Samsung to cut back on tweaks and apps after pressure from Google?

Samsung to cut back on tweaks and apps after pressure from Google?One of the latest developments in the world of Samsung’s Android devices is a little something called Magazine UX, which ironically looks a lot more Windows Metro than what we’ve come to expect from Android.

Oddly, having debuted just a few weeks ago alongside Sammo’s gigantic 12.2in tablets, Magazine UX could be one of several Samsung thingies to get the chop after intimate talks with Google.

That’s the word according to recode.net, with credit going to “Multiple sources familiar with the companies’ thinking”.

The sources say Google and Samsung sat down at CES 2014 to begin “hammering out a series of broad agreements that would bring Samsung’s view of Android in line with Google’s own”.

Specifically, we’re told that Magazine UX will be dropped, or at least altered, while Samsung’s home grown apps will get the chop, with Sammo devices instead spotlighting Google’s suite of services.

Samsung would say only: “To continue our momentum of delivering great user experiences and bringing greater value to people’s lives, Samsung will continue to identify and provide differentiated and innovative service and content offerings on our mobile devices.”

Which is a very fancy way of saying nothing much at all.

The question is: what’s in it for Samsung? A Nexus device, perhaps? Surely Google wouldn’t want to risk irking its big player unless it had something to sweeten the deal?

In the interest of competition, we’d like to think this was all an indication of Samsung and Google struggling to get on the same page, but of course the pair has recently ironed out a 10-year patent deal, so we can probably look forward to Google and Samsung working closely – and staying on top – for some time to come.

Read more about: Android

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8 comments

Pondlife  Jan. 30, 2014 at 13:15

Maybe what's in it for Samsung is that they stop wasting money developing octagonal wheels and use the rounds ones and can then focus on developing things that matter. So then they can get their updates out faster and decrease the bloat making devices feel speedier so keeping customers happier and maybe sell even more.

Maybe they got to nudge google to develop a few things they wanted rather than do it themselves. Maybe even Motorola going will sweeten it a bit. The Moto G must hit the low end Samsung sales a bit or certainly their prices.

It's not as though last years add ons were widely seized on as being vital, in honesty I can't remember any of them, though I can recall neat features from motorola and LG.

JanSt / MOD  Jan. 30, 2014 at 15:56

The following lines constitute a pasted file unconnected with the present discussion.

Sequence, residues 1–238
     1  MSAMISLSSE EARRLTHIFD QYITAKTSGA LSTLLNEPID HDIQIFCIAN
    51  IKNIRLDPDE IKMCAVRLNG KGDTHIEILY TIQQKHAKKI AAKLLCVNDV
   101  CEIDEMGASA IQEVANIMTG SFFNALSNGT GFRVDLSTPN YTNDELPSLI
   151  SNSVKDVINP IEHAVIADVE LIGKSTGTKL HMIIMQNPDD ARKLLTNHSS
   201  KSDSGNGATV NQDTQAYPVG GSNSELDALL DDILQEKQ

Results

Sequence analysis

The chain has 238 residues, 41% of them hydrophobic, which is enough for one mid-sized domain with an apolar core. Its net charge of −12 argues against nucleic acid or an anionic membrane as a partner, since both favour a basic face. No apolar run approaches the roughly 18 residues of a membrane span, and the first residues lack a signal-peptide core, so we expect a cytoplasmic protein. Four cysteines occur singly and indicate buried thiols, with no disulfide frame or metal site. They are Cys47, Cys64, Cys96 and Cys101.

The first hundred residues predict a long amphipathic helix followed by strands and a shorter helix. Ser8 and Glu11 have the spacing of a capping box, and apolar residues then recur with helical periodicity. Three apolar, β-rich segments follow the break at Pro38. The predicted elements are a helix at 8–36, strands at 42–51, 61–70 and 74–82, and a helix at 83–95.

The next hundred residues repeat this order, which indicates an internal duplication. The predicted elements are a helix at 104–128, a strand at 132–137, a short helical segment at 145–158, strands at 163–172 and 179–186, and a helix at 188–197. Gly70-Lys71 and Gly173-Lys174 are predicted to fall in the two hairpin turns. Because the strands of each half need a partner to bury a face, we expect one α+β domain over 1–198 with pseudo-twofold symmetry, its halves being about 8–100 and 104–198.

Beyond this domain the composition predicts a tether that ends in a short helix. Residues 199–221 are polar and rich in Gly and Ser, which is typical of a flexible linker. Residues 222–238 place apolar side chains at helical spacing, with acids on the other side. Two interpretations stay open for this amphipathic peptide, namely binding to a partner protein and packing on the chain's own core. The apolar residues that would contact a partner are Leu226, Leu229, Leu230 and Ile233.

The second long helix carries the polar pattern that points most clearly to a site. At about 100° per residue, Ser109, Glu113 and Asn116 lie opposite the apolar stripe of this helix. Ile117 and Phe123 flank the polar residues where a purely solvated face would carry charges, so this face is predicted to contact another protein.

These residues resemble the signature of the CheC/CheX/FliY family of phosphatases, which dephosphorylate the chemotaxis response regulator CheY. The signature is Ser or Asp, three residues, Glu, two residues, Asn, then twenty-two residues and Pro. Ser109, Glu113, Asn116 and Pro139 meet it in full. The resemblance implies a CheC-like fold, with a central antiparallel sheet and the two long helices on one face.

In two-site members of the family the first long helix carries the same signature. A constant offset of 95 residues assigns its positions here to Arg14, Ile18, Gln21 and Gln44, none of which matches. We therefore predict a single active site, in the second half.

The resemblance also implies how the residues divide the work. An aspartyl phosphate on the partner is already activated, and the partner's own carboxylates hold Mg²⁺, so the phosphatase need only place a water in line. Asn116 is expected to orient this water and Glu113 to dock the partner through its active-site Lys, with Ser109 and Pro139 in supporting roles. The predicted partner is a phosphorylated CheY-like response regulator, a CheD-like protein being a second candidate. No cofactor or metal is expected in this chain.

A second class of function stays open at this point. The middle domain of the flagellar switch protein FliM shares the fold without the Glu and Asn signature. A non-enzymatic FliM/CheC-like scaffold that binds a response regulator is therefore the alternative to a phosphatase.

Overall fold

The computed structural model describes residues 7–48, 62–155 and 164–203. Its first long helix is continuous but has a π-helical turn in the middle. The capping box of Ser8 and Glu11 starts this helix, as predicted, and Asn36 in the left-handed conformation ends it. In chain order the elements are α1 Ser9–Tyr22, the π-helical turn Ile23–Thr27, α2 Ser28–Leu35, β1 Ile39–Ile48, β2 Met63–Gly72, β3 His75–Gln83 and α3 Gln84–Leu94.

what’s in it for Samsung? A Nexus device, perhaps? How would that be a
bonus for Samsung? Samsung rake in the vast majority of Android-generated profits.
A Nexus device generates some appetite for the also-rans.

Tbh, I don't see Google going all strict on Samsung (and others). If they limit approaches to differentiation, how would anyone be able to tell apart one Android device from another?
That IS a problem WP/Microsoft have already had to deal with - when their entire range looked - more or less - the same...

lcurdie / MOD  Jan. 30, 2014 at 19:32

Yeah, I agree that Samsung doesn't necessarily need a Nexus device, but it wouldn't do any harm to stop the also-rans getting a shot. The Nexus 4 and 5 have done LG a world of good, at least in terms of reputation.

And let's not forget that Samsung paid people to badmouth HTC, so clearly it believes every little helps, even when the competition's floundering.

As for limiting approaches to differentiation, this is the thing I don't understand about the Google Play Edition devices. What's the message with those? That Google's Android "vision" is best? That "approaches to differentiation" amount to bloatware? Should all manufacturers embrace stock Android and eliminate fragmentation?

JanSt / MOD  Jan. 30, 2014 at 20:12

Yeah, and HTC paid people to badmouth Samsung, and to teach phonestore staff why Galaxies are more badder than Ones and Desires...

Pondlife  Jan. 31, 2014 at 01:19

That IS a problem WP/Microsoft have already had to deal with - when their entire range looked - more or less - the same...

They fixed that?

Pondlife  Jan. 31, 2014 at 01:30

As for limiting approaches to differentiation, this is the thing I don't understand about the Google Play Edition devices. What's the message with those? That Google's Android "vision" is best? That "approaches to differentiation" amount to bloatware? Should all manufacturers embrace stock Android and eliminate fragmentation?

The message is that some want that hardware but they'd rather not have sense or touchwiz slowing the device down. So manufacturer gets sales they may have otherwise lost and consumer gets something closer to what they want. It's a matter of erm choice, I know this is a difficult concept for an Apple obsessive...

JanSt / MOD  Jan. 31, 2014 at 06:50

Have MS fixed the problem that all WP handsets look the same? Yes - by annoying all WP device makers not called Nokia... Fewer phones that look the same. Case closed.

Pondlife  Jan. 31, 2014 at 21:02

No as Nokia have just filled the gaps.

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